PALO ALTO, CA.-
The public is having the opportunity to examine the power, purpose, and beauty of trees during the Palo Alto Art Center
s Rooted: Trees in Contemporary Art exhibition from January 25-April 5, 2020.
The free exhibition explores the work of more than 20 contemporary artists from around the world inspired by the majesty, beauty, and importance of the trees around us.
Perhaps more than any other elements of the landscape, trees represent nature, says Palo Alto Art Center Director Karen Kienzle. Their greenery breaks up the hardscape of our suburban or urban environments, reminding us of the natural world. Trees remain the largest living organisms on earth. They also serve as relics of a prehistoric world, with some trees in California dating to more than 2,500 years ago. For these reasons and more, trees have continued to inspire artists, generating artwork that encourages us to consider the power of trees in our lives and communities.
Palo Altos history is rooted in deep connections to trees. The City is named for a 110-foot treeEl Palo Alto that is an 1,100-year-old Coastal Redwood. In the 1890s, early tree advocates in our community planted the Citys initial tree canopy. At that time, members of the Palo Alto Womens Club transported milk cans filled with water in horsedrawn buggies to irrigate these early trees. Today, the City of Palo Alto grows and maintains approximately 36,000 city-owned urban trees. These trees remain a vital part of the Palo Alto landscape.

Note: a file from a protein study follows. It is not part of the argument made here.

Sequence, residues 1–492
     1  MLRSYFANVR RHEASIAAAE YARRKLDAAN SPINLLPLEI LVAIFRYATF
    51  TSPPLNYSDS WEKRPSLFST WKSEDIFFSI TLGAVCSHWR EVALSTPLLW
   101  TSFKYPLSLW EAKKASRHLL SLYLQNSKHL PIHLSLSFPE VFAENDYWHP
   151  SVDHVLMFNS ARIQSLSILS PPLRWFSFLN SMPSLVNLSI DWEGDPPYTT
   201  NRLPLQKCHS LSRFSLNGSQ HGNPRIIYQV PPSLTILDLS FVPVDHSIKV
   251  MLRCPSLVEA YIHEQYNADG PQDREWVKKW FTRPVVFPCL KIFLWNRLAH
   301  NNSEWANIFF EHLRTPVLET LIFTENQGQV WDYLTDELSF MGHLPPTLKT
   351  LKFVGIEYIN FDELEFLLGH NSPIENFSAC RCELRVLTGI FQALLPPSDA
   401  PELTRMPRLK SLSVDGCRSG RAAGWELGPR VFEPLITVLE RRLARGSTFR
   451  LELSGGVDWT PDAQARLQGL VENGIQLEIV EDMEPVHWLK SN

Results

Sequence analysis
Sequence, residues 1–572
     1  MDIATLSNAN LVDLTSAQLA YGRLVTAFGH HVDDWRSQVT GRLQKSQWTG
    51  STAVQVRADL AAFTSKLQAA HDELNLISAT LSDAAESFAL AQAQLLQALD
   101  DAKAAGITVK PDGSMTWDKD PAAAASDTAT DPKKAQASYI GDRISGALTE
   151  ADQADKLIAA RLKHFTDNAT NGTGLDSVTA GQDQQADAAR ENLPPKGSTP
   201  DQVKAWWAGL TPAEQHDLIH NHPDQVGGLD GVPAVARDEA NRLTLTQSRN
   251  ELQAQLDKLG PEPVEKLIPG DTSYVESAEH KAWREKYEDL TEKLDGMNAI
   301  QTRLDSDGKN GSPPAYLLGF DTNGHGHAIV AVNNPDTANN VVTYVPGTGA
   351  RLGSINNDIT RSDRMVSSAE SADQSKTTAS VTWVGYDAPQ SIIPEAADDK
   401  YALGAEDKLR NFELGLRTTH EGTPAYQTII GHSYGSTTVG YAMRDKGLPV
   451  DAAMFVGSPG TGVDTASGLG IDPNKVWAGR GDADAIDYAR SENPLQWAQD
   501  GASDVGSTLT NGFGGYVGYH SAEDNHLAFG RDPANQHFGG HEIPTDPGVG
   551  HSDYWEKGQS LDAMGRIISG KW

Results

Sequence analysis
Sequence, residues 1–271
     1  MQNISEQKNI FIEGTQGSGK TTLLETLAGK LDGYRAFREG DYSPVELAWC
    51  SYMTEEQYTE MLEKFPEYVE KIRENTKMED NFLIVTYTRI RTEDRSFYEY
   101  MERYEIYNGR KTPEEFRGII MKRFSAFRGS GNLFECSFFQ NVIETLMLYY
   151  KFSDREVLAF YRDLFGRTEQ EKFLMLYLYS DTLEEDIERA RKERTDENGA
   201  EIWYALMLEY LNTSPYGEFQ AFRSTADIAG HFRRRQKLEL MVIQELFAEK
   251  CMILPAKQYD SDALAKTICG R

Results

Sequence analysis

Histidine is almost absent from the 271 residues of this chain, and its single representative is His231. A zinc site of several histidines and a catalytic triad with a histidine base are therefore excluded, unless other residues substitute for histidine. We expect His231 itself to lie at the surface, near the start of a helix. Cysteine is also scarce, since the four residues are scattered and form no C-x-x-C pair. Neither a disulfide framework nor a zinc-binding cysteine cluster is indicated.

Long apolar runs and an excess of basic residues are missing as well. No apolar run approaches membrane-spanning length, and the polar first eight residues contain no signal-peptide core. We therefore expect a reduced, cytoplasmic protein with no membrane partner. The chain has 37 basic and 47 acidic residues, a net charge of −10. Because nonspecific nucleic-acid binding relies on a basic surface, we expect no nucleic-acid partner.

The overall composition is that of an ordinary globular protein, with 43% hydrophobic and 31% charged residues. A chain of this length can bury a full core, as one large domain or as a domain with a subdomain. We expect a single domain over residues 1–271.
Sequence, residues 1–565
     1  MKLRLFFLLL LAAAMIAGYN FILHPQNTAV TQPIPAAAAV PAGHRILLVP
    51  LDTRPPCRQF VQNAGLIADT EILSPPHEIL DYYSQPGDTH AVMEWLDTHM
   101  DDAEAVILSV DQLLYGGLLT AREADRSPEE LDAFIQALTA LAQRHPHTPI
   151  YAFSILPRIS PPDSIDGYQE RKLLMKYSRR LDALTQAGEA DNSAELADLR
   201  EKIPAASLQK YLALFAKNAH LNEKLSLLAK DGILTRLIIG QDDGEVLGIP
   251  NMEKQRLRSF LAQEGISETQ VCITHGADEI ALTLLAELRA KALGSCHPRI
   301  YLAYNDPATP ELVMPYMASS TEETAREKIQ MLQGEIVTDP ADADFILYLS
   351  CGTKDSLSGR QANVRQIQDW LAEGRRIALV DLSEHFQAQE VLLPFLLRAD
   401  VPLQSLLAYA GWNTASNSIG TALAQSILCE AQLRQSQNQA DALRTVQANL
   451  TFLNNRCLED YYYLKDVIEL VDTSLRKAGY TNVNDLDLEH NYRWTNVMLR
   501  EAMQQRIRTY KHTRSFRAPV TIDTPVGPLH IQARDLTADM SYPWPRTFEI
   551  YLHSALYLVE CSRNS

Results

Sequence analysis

Artists participating in the exhibition include: Galen Brown, Matthew Brown, James Chronister, Adam Donnelly and David Janesko, Katie DeGroot, Charles Gaines, Stephen Galloway, Maria Elena Gonzalez, Scott Greene, Azucena Hernandez, Andy Diaz Hope and Laurel Roth Hope, Tamara Kostianovsky, David Maxim, Klea McKenna, Ann McMillan, Jason Middlebrook, Meridel Rubenstein, and Jamie Vasta.